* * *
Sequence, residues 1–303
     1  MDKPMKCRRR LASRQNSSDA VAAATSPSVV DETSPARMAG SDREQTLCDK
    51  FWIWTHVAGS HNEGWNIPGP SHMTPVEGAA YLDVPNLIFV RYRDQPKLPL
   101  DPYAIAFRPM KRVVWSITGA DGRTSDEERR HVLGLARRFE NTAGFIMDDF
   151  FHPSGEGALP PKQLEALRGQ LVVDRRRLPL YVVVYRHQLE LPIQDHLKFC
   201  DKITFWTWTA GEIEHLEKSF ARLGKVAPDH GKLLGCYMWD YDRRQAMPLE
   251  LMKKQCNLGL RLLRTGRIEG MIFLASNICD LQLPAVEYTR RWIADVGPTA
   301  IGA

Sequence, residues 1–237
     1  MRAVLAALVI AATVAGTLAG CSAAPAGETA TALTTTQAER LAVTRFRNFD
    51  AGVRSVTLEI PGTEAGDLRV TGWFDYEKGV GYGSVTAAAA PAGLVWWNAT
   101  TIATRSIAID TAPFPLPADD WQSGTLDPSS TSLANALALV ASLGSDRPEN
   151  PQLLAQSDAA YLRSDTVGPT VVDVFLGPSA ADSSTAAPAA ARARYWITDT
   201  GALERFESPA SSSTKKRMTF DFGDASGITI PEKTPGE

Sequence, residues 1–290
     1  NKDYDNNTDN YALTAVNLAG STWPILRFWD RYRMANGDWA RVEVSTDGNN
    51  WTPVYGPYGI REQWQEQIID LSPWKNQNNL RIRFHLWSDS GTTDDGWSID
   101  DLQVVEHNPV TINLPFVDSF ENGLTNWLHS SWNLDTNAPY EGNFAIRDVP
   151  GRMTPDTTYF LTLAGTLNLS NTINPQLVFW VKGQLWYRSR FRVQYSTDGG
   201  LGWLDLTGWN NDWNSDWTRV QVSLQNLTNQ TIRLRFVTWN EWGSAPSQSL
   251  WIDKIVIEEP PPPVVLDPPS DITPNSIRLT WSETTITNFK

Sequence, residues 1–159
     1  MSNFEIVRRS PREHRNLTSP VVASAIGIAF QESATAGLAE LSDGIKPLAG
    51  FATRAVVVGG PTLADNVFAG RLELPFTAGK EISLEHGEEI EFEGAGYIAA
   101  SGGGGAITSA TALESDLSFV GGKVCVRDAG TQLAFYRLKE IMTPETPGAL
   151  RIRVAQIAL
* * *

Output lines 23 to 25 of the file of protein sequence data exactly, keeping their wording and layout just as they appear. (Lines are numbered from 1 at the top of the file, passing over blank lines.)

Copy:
     1  MSNFEIVRRS PREHRNLTSP VVASAIGIAF QESATAGLAE LSDGIKPLAG
    51  FATRAVVVGG PTLADNVFAG RLELPFTAGK EISLEHGEEI EFEGAGYIAA
   101  SGGGGAITSA TALESDLSFV GGKVCVRDAG TQLAFYRLKE IMTPETPGAL